almost never normalized, although in days gone by, when computr storage
    was much more limited, some quantitative plant ecologists invested much
    time and resources into procedures for storing more data in less space,
    and in retrospect, some of the things we did did bear some resemblance
    to normalization even though few if any of us would never have
    described it in those terms.

    The reason a rational sampling strategy would exclude sites such as the
    middle of the lake is that the data collected there would be really
    boring, having values of 0 for all tree species. But if we translocate
    your example to a place such as the far northern parts of Ontario, in
    the Hudson Bay lowland, the process would be somewhat different since
    one can find bog plants growing out over the lake, and, while one
    wouldn't find large trees on the quaking bog, one can find moderate
    sized shrubs and other plants that will grow in wetlands. But this too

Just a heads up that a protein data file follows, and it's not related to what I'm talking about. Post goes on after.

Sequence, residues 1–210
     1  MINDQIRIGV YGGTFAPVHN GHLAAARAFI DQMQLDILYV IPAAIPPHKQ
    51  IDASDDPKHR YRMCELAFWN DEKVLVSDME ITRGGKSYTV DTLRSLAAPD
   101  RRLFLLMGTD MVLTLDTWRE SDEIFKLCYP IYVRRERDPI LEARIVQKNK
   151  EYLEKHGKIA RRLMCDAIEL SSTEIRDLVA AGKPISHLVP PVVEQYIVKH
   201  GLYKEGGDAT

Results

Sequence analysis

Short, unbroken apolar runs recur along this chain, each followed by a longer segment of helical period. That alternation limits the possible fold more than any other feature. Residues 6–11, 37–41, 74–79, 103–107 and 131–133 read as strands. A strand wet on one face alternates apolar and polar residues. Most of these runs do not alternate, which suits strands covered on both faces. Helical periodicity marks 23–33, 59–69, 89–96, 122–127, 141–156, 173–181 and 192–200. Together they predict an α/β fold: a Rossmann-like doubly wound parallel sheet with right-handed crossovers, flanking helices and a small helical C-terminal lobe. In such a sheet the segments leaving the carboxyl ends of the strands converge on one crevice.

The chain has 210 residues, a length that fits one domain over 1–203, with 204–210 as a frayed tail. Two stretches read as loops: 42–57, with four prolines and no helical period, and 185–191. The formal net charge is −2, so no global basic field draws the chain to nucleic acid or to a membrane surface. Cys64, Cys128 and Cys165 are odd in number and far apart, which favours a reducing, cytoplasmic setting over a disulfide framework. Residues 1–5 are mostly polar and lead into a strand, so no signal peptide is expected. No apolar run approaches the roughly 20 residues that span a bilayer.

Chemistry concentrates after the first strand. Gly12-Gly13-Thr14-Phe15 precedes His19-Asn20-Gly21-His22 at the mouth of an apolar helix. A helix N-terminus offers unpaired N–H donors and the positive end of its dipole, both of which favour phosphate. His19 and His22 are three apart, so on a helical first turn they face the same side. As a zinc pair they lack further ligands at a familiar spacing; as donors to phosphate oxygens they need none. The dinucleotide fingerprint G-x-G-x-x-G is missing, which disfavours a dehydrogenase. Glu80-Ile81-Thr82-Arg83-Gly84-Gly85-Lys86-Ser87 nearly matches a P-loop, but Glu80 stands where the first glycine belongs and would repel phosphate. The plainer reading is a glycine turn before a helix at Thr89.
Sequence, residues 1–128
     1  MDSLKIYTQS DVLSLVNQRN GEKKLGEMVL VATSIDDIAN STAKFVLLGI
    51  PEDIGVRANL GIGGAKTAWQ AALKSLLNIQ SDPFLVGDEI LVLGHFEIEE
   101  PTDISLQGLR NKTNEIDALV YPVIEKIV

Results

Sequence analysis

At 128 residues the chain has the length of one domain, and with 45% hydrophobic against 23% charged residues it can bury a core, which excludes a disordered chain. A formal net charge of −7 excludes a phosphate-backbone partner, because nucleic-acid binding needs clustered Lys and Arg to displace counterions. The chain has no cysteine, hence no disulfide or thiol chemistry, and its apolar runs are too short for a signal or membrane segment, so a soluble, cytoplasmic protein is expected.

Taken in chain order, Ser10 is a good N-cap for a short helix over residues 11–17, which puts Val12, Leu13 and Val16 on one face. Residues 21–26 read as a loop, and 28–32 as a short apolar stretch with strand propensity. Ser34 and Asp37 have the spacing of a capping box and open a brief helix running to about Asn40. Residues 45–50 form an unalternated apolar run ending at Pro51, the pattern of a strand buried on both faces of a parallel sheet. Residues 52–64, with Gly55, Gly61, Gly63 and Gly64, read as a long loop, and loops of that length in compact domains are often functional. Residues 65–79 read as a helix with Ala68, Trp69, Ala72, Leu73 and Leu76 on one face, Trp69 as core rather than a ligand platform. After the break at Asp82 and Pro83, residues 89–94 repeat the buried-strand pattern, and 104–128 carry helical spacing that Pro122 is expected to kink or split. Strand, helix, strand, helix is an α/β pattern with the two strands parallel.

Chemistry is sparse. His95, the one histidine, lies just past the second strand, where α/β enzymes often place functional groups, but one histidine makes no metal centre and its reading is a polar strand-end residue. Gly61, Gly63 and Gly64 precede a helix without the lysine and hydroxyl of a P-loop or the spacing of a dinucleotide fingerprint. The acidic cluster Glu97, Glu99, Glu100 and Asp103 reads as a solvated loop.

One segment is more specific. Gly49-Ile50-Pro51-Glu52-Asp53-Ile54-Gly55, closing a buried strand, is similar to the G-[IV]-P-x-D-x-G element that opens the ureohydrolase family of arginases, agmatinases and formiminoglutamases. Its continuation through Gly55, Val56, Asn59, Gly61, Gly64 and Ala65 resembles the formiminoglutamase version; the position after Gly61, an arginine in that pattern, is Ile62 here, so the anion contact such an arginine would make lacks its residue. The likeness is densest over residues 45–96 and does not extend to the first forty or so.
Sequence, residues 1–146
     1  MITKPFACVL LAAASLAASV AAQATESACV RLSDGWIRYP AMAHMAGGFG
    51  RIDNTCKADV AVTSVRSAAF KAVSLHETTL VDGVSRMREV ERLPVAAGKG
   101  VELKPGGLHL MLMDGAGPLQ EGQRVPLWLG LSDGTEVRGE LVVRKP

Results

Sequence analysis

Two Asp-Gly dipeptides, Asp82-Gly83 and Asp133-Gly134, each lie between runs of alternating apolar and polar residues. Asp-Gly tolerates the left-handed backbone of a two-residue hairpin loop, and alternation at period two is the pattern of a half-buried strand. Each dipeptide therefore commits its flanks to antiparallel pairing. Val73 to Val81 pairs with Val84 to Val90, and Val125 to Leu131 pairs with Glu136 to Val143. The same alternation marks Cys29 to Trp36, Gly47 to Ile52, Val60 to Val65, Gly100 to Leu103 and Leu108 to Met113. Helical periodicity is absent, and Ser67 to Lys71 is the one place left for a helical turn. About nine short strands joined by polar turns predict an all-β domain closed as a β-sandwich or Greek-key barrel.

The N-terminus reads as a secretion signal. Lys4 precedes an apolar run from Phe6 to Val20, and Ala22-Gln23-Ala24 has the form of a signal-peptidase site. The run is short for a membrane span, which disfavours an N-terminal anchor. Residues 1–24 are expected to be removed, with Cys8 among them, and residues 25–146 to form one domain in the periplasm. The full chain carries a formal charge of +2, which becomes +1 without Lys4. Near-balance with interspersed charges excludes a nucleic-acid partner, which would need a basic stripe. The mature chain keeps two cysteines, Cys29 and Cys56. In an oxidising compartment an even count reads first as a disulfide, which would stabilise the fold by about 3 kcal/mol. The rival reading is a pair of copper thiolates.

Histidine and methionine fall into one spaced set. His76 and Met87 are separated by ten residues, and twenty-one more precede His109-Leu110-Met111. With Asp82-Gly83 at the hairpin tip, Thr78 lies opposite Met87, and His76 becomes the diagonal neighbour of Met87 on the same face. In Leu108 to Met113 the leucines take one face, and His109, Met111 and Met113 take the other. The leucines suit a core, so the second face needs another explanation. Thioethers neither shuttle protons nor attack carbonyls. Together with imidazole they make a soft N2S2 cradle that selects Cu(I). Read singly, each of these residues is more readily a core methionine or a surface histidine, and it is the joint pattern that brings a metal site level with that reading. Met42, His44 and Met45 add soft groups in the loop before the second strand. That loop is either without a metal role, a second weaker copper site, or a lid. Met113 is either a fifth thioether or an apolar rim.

takes us well beyond the scope of this forum.

    Cheers,

    Ted

    Ted Guest

  17. #17

    Default Re: Problem loading data files having null values.

    Thanks Bill,

    That is what I was looking for. You gave an example where null and
    empty strings behave differently. All of the other examples I have
    seen related ot this could be handled with suitable application code
    (in a client of the DB backend). In all the examples involving client
    aplication code, null and empty strings can be made to behave in the
    same way.

    The last problem you mention above is normally handled by doenting
    the data that has been stored, and this includes the conventions used.
    This kind of doentation has been available for all of the
    environmental data sets to which I have had access.

    Thanks again.

    Ted

    Ted Guest

  18. #18

    Default Problem loading data files having null values.

    A year later.

    Thanks Ted for your post which led me to the right process on my end.

    I fear that this original post went way off track into what a NULL is
    and lost sight of the original point - treatment of empty fields
    during LOAD. It really does not matter how you feel about how a NULL
    should be represented, it matters about how open you can be and accept
    what other vendors are providing in load files to represent NULL. In
    a pure Windows environment (with no unix tools), I'm stuck with a
    problem of converting empty fields to \N. Any loader worth it's salt
    should care more about dealing with a basic problem like this as
    opposed to an esoteric one like 'record start' (first time I've ever
    seen that in a loader).

    j.

    jack.parker4@verizon.net Guest